[ARCHIVED] Current Evidence on the Effectiveness of Interventions During Heat Episodes
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This summary provides current evidence on the effect iveness of a variety of described heat interventions by highlighting the strengths and weaknesses of each. The authors argue that in the absence of a formal evaluation of effectiveness, and given the limited evaluations of interventions so far accomplished, it is difficult to present a complete review on this topic. The authors also caution that in general there have not been evaluations of effectiveness of heat interventions because interventions such as cooling centres, while efficacious, have not been evaluated for effectiveness by monitoring the profile of those using them (specifically, whether high risk populations use them), nor has the benefit of the intervention been estimated in terms of change in quantitative morbidity and mortality figures. Also, because each heat event is rare and unique, well-documented comparisons between the interventions utilized were difficultto come by and even more difficult to assess. As a result, evidence supporting the assertions in this review is limited.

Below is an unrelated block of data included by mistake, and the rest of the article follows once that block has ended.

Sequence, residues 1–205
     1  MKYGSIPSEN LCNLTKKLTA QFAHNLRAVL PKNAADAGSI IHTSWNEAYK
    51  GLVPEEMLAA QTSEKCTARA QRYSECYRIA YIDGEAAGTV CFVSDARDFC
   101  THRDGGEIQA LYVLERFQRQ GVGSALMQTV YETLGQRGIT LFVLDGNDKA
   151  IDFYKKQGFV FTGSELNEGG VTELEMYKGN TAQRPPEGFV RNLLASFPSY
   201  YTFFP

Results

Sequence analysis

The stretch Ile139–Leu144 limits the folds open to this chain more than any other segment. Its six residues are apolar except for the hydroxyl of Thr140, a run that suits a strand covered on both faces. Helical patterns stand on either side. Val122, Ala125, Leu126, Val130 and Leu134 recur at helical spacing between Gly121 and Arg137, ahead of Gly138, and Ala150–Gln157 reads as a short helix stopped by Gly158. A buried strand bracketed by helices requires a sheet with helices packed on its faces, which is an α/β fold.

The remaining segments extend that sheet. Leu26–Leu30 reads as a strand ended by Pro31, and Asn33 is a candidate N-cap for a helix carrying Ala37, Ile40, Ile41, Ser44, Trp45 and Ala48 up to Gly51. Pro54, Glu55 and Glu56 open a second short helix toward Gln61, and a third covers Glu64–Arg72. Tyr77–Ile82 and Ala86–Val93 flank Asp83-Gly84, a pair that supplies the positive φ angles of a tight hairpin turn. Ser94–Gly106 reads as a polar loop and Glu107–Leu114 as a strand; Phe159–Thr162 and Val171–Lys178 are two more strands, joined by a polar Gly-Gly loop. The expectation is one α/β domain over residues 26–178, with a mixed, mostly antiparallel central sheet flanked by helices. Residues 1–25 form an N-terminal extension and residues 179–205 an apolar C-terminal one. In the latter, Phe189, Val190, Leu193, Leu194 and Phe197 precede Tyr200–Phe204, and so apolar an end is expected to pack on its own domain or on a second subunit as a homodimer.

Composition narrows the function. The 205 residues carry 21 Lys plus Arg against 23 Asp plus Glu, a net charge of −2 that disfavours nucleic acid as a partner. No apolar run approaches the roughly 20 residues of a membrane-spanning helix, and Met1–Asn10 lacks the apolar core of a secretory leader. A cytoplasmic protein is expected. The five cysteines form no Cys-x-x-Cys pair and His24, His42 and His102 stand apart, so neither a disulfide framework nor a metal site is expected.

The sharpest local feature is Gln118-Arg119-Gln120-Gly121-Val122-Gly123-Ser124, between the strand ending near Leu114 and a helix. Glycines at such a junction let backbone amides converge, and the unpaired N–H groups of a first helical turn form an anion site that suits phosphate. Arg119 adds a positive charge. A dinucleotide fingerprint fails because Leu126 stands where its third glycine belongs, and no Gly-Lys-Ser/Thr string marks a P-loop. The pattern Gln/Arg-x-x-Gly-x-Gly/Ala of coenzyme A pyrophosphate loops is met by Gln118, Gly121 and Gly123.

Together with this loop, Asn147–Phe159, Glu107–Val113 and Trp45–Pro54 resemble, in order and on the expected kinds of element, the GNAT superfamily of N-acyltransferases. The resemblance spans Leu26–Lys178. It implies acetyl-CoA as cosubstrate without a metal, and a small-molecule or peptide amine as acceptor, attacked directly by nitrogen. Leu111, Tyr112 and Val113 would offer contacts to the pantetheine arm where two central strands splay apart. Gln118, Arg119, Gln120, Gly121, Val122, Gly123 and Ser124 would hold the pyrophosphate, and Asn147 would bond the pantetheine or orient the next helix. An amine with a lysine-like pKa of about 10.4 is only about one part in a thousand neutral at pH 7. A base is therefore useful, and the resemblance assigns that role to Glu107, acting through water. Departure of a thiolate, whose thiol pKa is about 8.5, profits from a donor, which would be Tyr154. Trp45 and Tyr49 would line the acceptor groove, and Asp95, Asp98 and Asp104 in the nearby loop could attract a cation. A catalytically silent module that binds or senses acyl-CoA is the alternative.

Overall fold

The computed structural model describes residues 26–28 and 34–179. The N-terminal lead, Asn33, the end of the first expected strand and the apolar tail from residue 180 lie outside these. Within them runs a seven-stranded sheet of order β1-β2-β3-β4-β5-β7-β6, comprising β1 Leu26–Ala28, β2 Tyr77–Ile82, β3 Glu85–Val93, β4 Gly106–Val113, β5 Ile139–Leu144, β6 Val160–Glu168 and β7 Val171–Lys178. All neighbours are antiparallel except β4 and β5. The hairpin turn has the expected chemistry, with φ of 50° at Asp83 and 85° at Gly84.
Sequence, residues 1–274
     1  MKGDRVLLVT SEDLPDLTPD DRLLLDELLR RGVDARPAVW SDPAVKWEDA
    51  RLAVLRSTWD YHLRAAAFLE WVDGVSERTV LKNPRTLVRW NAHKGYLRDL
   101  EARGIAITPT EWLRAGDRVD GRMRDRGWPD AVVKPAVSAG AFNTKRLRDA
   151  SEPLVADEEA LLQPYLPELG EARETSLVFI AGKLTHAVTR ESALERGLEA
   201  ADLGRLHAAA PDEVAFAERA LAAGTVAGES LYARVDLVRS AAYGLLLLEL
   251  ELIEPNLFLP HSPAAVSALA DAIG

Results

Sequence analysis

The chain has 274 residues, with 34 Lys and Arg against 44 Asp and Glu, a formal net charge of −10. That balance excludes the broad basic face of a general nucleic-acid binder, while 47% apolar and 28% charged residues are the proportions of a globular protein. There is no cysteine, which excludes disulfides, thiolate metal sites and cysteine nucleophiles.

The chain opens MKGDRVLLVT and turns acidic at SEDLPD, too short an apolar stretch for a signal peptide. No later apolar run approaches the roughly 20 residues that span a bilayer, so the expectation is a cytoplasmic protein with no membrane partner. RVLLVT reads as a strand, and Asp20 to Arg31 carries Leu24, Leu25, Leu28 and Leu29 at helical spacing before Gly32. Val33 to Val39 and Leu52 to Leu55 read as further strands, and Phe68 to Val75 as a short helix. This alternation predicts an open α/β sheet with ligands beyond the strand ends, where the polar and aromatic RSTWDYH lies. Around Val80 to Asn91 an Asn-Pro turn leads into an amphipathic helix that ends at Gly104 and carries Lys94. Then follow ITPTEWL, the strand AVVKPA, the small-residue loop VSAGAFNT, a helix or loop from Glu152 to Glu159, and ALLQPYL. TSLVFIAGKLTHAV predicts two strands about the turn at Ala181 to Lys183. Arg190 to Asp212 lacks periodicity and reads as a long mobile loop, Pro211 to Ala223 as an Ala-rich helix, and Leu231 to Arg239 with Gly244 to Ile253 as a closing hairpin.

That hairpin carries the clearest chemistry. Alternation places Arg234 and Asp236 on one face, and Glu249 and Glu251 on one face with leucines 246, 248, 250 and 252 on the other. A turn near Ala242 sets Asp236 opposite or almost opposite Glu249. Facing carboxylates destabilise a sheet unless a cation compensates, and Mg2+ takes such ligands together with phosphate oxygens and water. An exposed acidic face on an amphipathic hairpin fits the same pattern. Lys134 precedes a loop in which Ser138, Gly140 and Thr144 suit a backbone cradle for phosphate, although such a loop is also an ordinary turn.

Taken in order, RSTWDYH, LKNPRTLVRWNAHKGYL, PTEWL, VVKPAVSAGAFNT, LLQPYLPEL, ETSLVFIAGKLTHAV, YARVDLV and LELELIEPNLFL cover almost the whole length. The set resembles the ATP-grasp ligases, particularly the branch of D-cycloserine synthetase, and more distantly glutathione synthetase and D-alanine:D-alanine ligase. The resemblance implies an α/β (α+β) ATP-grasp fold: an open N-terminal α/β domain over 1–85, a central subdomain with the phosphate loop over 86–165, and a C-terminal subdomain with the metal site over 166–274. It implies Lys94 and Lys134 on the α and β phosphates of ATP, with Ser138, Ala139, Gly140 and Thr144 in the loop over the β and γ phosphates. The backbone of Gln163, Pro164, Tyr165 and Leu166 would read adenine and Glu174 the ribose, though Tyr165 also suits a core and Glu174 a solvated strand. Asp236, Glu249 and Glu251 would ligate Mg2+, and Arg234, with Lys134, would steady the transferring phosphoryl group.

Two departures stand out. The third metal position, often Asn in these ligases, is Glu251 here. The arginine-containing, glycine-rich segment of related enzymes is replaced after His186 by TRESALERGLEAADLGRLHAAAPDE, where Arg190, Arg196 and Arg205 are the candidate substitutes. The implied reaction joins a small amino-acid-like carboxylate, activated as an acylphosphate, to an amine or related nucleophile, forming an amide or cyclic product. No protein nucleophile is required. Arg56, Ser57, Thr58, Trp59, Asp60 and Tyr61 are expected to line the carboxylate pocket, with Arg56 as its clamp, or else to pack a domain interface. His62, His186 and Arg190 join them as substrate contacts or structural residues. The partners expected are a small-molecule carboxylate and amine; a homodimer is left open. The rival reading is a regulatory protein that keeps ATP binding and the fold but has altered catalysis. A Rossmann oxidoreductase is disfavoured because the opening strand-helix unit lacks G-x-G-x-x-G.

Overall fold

Heat events have been associated with a diverse range of adverse health effects including excess mortality from a variety of causes as well as many symptoms falling under the broad umbrella of “heat-related illness”. Although these effects are most marked in vulnerable populations like the elderly, socially isolated, and homeless, everyone is at risk to varying degrees. The impact of heat on health was clearly evident following the Chicago heat wave in 1995, which resulted in over 700 excess deaths and more recently, the heat waves in Europe in 2003, which resulted in over 45,000 heat-related deaths. This negative impact of heat on health continues to be a persistent concern and is expected to become even more pressing in the future, given the predicted increase in heat waves linked to climate change. Thus, mitigating this negative impact is an important task. Public health practitioners are faced with the challenge of developing and implementing effective interventions to address the immediate effects of heat, and devising longer-term strategies to reduce the impact of future heat events.